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Pioneer Square Historical District
History

In 1852 the area that is known today as Pioneer Square was chosen by the first permanent white settlers as the location of their new city because it was the only flat area along the deep, protected harbor on Elliott Bay. The following year Henry Yesler began operating a steam sawmill near where Yesler Way and First Avenue South intersect today. Logs from the wooded hillsides were skidded down to Yesler's sawmill and wharf. Business activity grew up near the mill, primarily along Commercial Street (now First Avenue South).

On June 6, 1889, fire destroyed 25 blocks of mostly wood buildings in the City's central core. Fortunately, the great fire occurred at a time when the local economy was strong, therefore rebuilding began almost immediately. Determined not to be vulnerable to another blaze, the Seattle City Council passed an ordinance that required buildings to be constructed of fire-resistant brick and stone. Because much of the city had been built on boggy, marshy ground, the area was filled, street levels were raised, and the area now known as Seattle's underground was created.

The architectural styles for the rebuilt district were modeled after the then popular Richardsonian Romanesque buildings in Chicago and on the East Coast. Characteristics of this style include a heavy masonry base, use of the Roman arch, and varied architectural details on each floor. The brief reconstruction period (almost the entire are was rebuilt within two years), and the fact that only a handful of architects designed most of the buildings resulted in a remarkably harmonious architectural character.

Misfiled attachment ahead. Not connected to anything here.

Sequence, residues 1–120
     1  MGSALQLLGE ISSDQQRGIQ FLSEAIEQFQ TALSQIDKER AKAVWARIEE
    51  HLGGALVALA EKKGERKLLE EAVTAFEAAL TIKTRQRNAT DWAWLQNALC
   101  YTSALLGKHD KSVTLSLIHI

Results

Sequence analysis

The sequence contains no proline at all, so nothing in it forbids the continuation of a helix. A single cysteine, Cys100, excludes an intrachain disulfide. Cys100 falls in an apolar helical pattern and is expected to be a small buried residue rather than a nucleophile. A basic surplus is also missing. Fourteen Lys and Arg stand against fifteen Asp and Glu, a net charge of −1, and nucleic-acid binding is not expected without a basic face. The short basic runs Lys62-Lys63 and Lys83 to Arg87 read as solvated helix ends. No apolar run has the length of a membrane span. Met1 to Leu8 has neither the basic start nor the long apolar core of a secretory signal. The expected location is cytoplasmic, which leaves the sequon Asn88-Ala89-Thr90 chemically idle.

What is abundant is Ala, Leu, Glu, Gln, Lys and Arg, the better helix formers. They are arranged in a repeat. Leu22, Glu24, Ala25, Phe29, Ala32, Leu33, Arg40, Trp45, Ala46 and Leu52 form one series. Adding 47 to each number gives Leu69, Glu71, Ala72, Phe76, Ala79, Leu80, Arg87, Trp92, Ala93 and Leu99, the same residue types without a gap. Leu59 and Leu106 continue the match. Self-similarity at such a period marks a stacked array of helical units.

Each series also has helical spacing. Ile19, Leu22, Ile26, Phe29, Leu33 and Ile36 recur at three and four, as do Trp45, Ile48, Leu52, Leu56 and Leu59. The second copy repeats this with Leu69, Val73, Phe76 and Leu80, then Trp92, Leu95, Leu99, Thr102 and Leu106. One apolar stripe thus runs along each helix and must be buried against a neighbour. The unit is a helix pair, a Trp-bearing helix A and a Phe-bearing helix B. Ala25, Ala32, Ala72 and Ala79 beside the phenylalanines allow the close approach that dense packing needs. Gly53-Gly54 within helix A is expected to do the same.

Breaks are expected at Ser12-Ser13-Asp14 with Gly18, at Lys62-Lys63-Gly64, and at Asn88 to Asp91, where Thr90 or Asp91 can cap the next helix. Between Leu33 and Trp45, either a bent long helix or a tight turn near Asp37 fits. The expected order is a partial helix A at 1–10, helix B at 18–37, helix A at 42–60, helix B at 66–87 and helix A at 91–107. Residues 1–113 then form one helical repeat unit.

Pioneer Square hit its heyday during the Alaska Gold Rush, which started in July, 1897. Unfortunately, this period of prosperity was short lived as the district began a rapid and steady decline soon after the turn of the century when the business district began to move northward along Second Avenue. Pioneer Square became a honky-tonk district of taverns, entertainment houses and bawdy hotels. This relatively seedy atmosphere characterized Pioneer Square up until the 1970s. Faced with virtually no pressure for redevelopment, the district's remarkable stand of turn-of-the-century buildings remained.

By the 1960s a City plan called for the construction of a ring road around the downtown that would have required razing many of the district's historic buildings. At about this time, visionary architect Ralph Anderson moved his office to Pioneer Square and began to restore buildings in the neighborhood. Esteemed architect and professor of architecture and historic preservation Victor Steinbrueck conducted an inventory of the area's buildings, which documented a collection of architecturally significant structures from the Richardsonian Romansque period unparalleled across the nation. Due to this important work, citizens, preservationists, and City officials came to recognize the historic significance and commercial potential of the district.

In 1970, through the efforts of a solid grass-roots movement, Pioneer Square was designated a national historic district, and in May of that same year, established as Seattle's first preservation district. A special review board, the Pioneer Square Preservation Board, was created and guidelines were developed to preserve the area's architectural and historic character and to assure sensitive restoration of buildings for economically viable purposes.

In 1973, a larger area was set aside to protect Pioneer Square from traffic and development pressures associated with the Kingdome (now demolished and being replaced with a new football/soccer stadium). In 1987 the district boundaries were increased again, so that the district currently encompasses approximately 88 acres.


Historic Districts

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